September 18, 2012 | By Sikh Siyasat Bureau
Vancouver, BC (September 17, 2012): According to media reports carried by various Indian newspapers/news-sites Canadian Foreign Affairs Minister, John Baird, vowed to prevent activities of Sikh “extremists” advocating for a separate homeland in India as per the Indian Government’s request.
It is notable that Baird travelled to New Delhi to meet with political officials such as the Indian External Affairs Minister where the discussion of so-called Sikh “extremism” in Canada took place. The Prime Minister of India, Manmohan Singh, has consistently raised this issue with Canadian politicians requesting them to monitor the activities of Sikhs favouring the ideology of a separate homeland.
In recent comments, Indian politicians overseas have also voiced issues of Sikh “extremism” in Canada, and Indian Overseas Congress president Vikram Bajwa, went the extra step in appealing to the Akal Takht to issue a ‘hukamnama’ banning Gurudwara’s in Canada and the United States from displaying Khalistan insignia.
According to the Canadian Sikh Coalition (CSC) These comments by the Congress led government of India and its overseas arm are completely false and illogical. There are pro-Khalistan political parties, regular discourse on the issue of Khalistan and memorials to those who participated in the Khalistan movement and were murdered in extra-judicial staged fake encounters within the state of Punjab today. By even suggesting that any extremism in Canada exists un-checked, the Indian state is suggesting that Canada is not capable of providing security within its borders. Further, the Indian government is in no place to be pointing fingers at Canadian security policies when the Indian state has been acknowledged by the United Nations and many other human rights organizations for having high levels of discrimination against minorities within its own borders.
In a CSC statement it is maintianed that “the Indian Government continues to raise issues of Sikh extremism in Canada however, never has any evidence of such activities been shared in any way. In a society where the term “extremism” is associated with negative connotations, the use of the term with a religious body continues to propagate a negative image of the Sikh community in Canada. Further, it places false accusations against the Sikh community without proper documented evidence. It also attempts to silence any political discourse on the current state of Punjab by associating political discussion with extremism. Canadians who engage in the Khalistani discourse are able to do so as this discourse has relevance to the current political state of Punjab where pro-Khalistan parties exist. Also, it allows individuals to understand the historical context through which current Punjab politics have emerged”.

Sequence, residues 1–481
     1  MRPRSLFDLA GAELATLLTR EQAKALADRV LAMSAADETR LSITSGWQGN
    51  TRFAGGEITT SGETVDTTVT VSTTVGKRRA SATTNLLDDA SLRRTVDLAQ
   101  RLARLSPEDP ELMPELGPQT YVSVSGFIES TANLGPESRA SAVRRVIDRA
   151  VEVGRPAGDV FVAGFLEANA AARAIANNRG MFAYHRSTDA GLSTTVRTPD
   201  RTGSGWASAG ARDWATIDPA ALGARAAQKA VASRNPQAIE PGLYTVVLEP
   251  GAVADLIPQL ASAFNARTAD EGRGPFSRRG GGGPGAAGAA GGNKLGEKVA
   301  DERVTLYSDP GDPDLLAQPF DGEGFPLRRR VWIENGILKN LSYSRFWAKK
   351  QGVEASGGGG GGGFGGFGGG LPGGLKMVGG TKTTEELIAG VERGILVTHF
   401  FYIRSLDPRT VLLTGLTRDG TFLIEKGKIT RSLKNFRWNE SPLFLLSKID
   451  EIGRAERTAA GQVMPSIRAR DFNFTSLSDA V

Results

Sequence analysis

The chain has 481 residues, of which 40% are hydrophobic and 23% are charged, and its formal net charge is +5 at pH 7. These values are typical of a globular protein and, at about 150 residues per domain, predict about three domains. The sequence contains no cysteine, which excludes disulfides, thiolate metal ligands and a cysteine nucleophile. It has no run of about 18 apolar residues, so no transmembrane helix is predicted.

Canadian Sikh Coalition spokesperson Moninder Singh Bual stated, “Indian politicians repeatedly place unsupported allegations against the Sikh community in Canada as supporters of extremism. What this shows us is that the Sikh community outside the Indian state is actively participating in a movement towards the independence and sovereignty of Punjab and these tactics by the Indian state are used to “muzzle” these activities and the right to peaceful protest. In order to hide the crimes against humanity and violations of international law it has committed, the Indian state is attempting a wide spread propaganda campaign against freedom of speech and expression in countries where Sikh populations have awoken the reality of the oppressed position of Sikhs in the Indian state. It is appalling to see Canadian politicians like John Baird even entertain the discussion of Sikh “extremism” in Canada with foreign nations that are bent on suppressing the freedoms of its own citizens by any means necessary. Mr. Baird must be held accountable as this is not the first time the Conservative party has engaged in this type of dialogue and Sikhs would be fooling themselves to think this would be the last time.”
John Baird’s visit was intended to create positive relationships prior to Prime Minister Stephen Harper’s visit which is expected to take place in November. The Canadian Sikh Coalition wants John Baird to be held accountable for his comments and release a statement explaining to the Sikh community why he feels their right to engage in political discourse is a concern of “extremism”. Further, the CSC would like Stephen Harper to ensure his citizens that he will not entertain the Indian government with these types of conversations as his Conservative predecessor Baird has already done.
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